Meyer will host a press conference in New Orleans, LA, at 4:30 p.m. on Sunday. Florida sports information director Steve McClain has said that Meyer will not only stay on in a non-coaching role for the Gators, but that he will also be heavily involved in the hiring of his successor.
- McClain also said that reports of Meyer having a defective heart muscle and an unreported heart attack are incorrect.
- ESPN’s Chris Mortensen reports that Foley was aware of Meyer’s thoughts about resigning for a week.
- Jeremy Fowler of the Orlando Sentinel reports that the Gators tried to keep Meyer by offering him time off.
- ESPN’s Kirk Herbstreit says Meyer sounded “devastated” when the two spoke earlier.
- In a completely unconfirmed report, WKMG television in Orlando, FL, is reporting that Meyer suffered a heart attack during the season. Station sports director David Pingalore also is also reporting that Meyer did not inform anyone about the issue.
- OGGOA source: Meyer may have had a heart attack upon his return to Gainesville after the SEC Championship.
- A source has told Pat Dooley of The Gainesville Sun that Meyer “just doesn’t have anything left in the tank” and “had been considering leaving coaching for more than a week, going back and forth on the decision.”
- Dooley said players were brought to tears when Meyer gathered the team.
- ESPN’s Pat Forde: Former defensive coordinator Charlie Strong, who was just recently hired as the Louisville Cardinals head coach, has only signed a term sheet with the University of Louisville and not yet a contract. The school’s media relations director, Rocco Gasparro, has confirmed this fact.
OGGOA will update this breaking news story as more is made available.
1 » One day after advancing to the finals of the Gator Holiday Classic with a dominating 62-35 win over the Southern Jaguars, Florida Gators women’s basketball (5-6) fell to the High Point Panthers (5-6) 75-68 at home in the Stephen C. O’Connell Center. Senior forward Sharielle Smith led the Gators with a team-high 11 points for the fifth double-double of her career (11 rebounds).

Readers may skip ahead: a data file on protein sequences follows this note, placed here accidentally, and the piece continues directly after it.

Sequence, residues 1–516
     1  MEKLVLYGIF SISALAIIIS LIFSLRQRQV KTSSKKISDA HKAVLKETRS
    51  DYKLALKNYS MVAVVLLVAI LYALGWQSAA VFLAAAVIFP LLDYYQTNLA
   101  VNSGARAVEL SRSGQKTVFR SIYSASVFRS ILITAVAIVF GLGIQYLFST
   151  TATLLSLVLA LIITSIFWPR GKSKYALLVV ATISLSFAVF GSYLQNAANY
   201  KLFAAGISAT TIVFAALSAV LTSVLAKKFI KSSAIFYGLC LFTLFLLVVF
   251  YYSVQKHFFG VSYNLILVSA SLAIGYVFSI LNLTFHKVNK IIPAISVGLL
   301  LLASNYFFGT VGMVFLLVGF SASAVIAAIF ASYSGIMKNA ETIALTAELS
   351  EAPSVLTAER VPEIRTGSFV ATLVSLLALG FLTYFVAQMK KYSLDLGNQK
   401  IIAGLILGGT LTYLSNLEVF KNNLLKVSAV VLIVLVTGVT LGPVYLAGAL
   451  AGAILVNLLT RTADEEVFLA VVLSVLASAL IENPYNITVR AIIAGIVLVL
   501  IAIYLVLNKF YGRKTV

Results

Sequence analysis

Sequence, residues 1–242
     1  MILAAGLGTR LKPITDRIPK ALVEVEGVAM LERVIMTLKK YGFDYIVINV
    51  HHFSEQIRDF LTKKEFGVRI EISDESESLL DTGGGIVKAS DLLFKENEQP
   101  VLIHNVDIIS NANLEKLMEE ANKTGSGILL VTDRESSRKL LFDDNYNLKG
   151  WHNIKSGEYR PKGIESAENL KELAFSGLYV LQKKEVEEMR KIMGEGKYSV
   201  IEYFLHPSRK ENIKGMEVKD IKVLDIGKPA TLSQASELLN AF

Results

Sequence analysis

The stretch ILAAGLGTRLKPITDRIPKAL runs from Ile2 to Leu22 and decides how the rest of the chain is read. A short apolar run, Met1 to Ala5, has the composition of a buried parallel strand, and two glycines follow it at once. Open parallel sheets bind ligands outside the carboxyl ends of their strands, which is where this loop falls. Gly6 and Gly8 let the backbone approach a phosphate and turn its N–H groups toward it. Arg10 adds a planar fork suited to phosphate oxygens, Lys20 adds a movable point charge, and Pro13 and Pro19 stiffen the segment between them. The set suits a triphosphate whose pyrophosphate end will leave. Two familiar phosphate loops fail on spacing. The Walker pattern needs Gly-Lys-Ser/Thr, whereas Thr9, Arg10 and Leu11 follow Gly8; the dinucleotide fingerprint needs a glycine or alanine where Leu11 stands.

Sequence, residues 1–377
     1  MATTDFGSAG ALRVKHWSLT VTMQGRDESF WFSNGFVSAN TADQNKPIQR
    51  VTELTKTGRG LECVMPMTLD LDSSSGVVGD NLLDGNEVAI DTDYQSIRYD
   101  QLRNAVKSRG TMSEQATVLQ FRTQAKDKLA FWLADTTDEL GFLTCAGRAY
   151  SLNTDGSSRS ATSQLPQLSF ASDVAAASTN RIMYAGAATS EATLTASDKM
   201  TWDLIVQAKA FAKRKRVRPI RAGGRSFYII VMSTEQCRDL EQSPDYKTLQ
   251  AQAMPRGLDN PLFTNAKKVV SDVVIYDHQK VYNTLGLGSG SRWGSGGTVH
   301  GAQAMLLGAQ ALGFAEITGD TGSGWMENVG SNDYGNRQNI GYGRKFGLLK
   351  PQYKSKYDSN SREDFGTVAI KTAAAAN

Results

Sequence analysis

2 » Though they lost head coach Brian Kelly to the Notre Dame Fighting Irish and their interim coach, Jeff Quinn, accepted the head job with the Buffalo Bulls, the Cincinnati Bearcats are playing better than ever, according to quarterback Tony Pike. “I think this has been our best week of practice this season,” Pike said. “It’s been a relief to get back on the field. The success we’ve had this season had been overshadowed by the other stuff.” The Bearcats and Gators will both descend on New Orleans, LA, on Saturday to begin practice for the 2010 Sugar Bowl.
3 » A five-star recruit coming out of high school, Florida freshman guard Kenny Boynton has already delighted fans with his exciting play and aggressive style. His shot selection, however, leaves much to be desired. Kevin Brockway of the Gainesville Suntook a closer look at Boynton’s struggles – the freshman sensation is shooting only 37 percent from the floor and a measly 21.9 percent from beyond the arc. In the Gators’ loss last Saturday against the Richmond Spiders, Boynton was 0-6 from three-point range, some of which were simply bad shots. “Kenny may have taken some bad shots, but I think the same thing can be said of the rest of our team,” head coach Billy Donovan said. “Guys are going to have ups and downs. He’s got to have the freedom to take good shots, to take unchallenged shots.” While his shot selection may be questionable, one key to Boynton’s success in the backcourt is his penchant to hold onto the ball; he has a sterling 2.25 assist-to-turnover ratio.
4 » Though Donovan and his players are certainly not making excuses, one of the reason’s for Florida’s recent struggles on the court (aside from the high quality of opponents faced) are their injuries. Only six of the team’s 11 scholarship players are healthy, with the frontcourt being especially banged up. Junior forward Chandler Parsons (torn leg muscle), redshirt junior transfer center Vernon Macklin (pulled gluteus muscle) and sophomore C Kenny Kadji (back) will all likely be good-to-go Tuesday. Freshman F Erik Murphy (shoulder), on the other hand, may sit and rest. “Those kind of injuries that we have right now are similar to a lot of teams and what they go through,” Donovan said. “But there’s no question [that other teams] have a lot more depth than we do right now.”